Parking attendants around Boston, many of them from East Africa, say they face third-world conditions performing one of the faceless jobs of a first-world economy: parking cars for office workers and visitors in Boston’s booming downtown.
Paid just a dollar or two above minimum wage, the attendants say they are confined to tiny booths, alternately freezing or sweltering with the weather and enduring long shifts with little or no chance for a bathroom break.
Now, Teamsters Local 25 is working to organize the roughly 1,600 parking workers in Greater Boston, aiming to improve their working conditions and increase union membership.
After two years of effort, the union has contracts with five parking companies in Boston and expects to unionize attendants at the three other major companies in the area, as well as several smaller ones, by next year. Nationwide, the Teamsters have organized about 20,000 parking attendants, including longtime members in New York, San Francisco, and Chicago.
The Boston parking workers would be the local’s second-largest group of employees, after UPS drivers. Sean O’Brien, the president of Local 25, said the effort would help diversify the Teamsters’ image beyond the stereotypical “white Irish/Italian truck driver.”
“Growth is germane to our survival as a labor organization,” he said. “The biggest thing we have achieved is respect in the workplace, again without any retribution or retaliation.”
Local 25’s approximately 11,000 members include Stop & Shop drivers, Massachusetts Port Authority workers, construction workers, 911 operators, school administrators, and police officers.
So far, workers have been organized at more than 100 local lots run by Standard Parking, Central Parking, Impark, Propark, and VPNE, locations where workers were the most eager to unionize, according to the Teamsters.
SP+, a Chicago company that owns Standard Parking and Central Parking, which has more than 40 garages and 400 employees in Boston, insists that it provided amenities even before the union organized its workers.
“Company policy always has provided for meal and bathroom breaks (and we’ve endeavored to provide adequate restroom facilities), even before the [collective bargaining agreement] was signed,” a spokesman said in an e-mail.
The Teamsters next expect to sign up attendants from LAZ Parking, which has about 50 lots in Boston.
One 36-year-old LAZ parking attendant, who oversees a small outdoor lot near the waterfront, works alone and said he is not allowed to leave during his eight-hour shift. There is no bathroom on the lot, so he shuts the door of the booth and urinates in one of the plastic bottles he collects from the trash, he said. On a nighttime shift at a different lot, he relieves himself between the cars.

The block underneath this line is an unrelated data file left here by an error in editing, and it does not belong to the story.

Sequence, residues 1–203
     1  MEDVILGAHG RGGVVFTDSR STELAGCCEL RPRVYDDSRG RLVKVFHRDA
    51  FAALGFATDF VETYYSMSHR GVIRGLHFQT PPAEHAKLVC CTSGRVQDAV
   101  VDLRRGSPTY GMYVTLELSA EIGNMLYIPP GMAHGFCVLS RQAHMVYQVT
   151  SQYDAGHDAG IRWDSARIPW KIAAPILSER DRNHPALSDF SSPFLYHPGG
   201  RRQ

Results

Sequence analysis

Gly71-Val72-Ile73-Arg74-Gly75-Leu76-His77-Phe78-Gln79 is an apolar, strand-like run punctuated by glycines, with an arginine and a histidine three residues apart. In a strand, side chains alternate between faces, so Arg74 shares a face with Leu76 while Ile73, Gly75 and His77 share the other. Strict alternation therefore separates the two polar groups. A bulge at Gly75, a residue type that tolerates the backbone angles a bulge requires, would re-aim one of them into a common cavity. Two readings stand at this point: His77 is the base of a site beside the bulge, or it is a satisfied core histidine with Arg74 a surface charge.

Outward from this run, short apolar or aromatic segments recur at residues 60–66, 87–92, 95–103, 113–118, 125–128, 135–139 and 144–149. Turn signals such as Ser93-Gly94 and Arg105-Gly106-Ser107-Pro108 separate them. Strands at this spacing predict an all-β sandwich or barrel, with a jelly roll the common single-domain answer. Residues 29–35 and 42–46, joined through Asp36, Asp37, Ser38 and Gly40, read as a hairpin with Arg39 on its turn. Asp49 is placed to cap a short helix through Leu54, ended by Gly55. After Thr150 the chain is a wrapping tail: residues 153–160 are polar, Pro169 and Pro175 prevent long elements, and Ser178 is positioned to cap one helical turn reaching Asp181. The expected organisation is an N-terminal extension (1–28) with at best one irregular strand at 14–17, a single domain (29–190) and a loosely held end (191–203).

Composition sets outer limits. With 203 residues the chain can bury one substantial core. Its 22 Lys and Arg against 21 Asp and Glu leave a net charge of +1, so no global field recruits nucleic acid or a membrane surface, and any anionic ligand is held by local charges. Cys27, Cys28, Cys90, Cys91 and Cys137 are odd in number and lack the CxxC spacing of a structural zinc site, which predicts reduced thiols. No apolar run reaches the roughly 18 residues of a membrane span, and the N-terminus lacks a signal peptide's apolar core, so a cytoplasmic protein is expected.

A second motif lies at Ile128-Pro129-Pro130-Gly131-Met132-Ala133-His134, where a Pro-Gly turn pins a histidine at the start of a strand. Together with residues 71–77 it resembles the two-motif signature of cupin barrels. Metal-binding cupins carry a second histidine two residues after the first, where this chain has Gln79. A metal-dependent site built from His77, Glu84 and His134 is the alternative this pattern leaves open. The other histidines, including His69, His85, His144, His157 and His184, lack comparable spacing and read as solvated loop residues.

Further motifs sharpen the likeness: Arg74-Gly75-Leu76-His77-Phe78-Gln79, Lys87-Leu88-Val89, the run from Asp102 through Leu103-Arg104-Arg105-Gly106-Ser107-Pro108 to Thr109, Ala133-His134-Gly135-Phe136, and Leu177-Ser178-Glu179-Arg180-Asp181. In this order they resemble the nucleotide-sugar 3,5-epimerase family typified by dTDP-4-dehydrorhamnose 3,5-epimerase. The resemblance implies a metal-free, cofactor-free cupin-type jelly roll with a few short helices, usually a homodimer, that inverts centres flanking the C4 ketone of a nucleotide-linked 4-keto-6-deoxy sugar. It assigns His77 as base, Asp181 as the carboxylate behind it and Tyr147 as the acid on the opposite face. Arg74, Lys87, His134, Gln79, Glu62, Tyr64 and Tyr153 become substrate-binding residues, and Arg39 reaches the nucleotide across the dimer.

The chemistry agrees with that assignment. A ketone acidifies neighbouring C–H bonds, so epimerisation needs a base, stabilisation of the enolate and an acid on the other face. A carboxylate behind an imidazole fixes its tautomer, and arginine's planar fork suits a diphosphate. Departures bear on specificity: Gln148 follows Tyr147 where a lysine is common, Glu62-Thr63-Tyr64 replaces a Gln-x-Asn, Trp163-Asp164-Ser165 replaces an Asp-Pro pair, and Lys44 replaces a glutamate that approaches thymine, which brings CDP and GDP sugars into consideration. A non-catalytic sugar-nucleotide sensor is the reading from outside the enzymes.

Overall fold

The Somalia native, who has worked in Boston parking lots for 18 years, asked not to be named because he feared losing his job. He said he has no air conditioning in his tiny booth, and in the summer the heat and the smell of garbage are almost unbearable.
“I’m feeling like back home in Africa,” he said. “I’m not feeling like America’s free.”
LAZ did not return calls seeking comment.
The Teamsters also are targeting Pilgrim Parking, which has 36 locations around Boston. Pilgrim said its 250 employees are paid above minimum wage and get benefits such as medical and dental insurance, sick and vacation time, and a 401(k) match.
They also get regular breaks, said Mike Gery, president of Pilgrim Parking.
“I try to do my best by my workers,” said Gery, whose father-in-law started the company in 1964. “It’s hard to survive as a local company unless you take care of your folks.”
The union said that contracts signed so far have increased wages about 3 percent a year, to an average of $12 an hour, frozen health insurance premiums, increased paid sick time and holidays, added a pension plan, and mandated meal and bathroom breaks.
Companies where the workers have organized are also required to provide bathrooms, heat, and air conditioning, hire full-time workers from the ranks of part-timers, and keep a location’s existing union workers when they take over a facility.
To put pressure on the parking companies, Local 25 has contacted the owners of the buildings where the lots are located, it said, warning that if the process does not go smoothly the union would picket at the buildings.
Teamster pension funds provide capital that real estate investment trusts often use to construct buildings, Local 25 noted, and many of the buildings are served by union delivery drivers, laundry workers, and janitors.
“When we’re out there, the dumpsters won’t get picked up because those guys are union drivers,” said Robert Aiguier Jr., the Teamsters’ business agent organizing the parking workers. “UPS drivers won’t deliver packages. The food-service companies won’t bring supplies.”
The Teamsters have generated controversy through the years, including several recent incidents involving Local 25 members. Last year, union workers at Logan Airport were arrested for allegedly taking bribes from cab drivers so the drivers could skip ahead of other cabbies and pick up better fares. In August, members who were picketing the hiring of nonunion drivers at a “Top Chef” TV shoot at a Milton restaurant allegedly slashed tires and yelled slurs at cast members, a charge the Teamsters deny.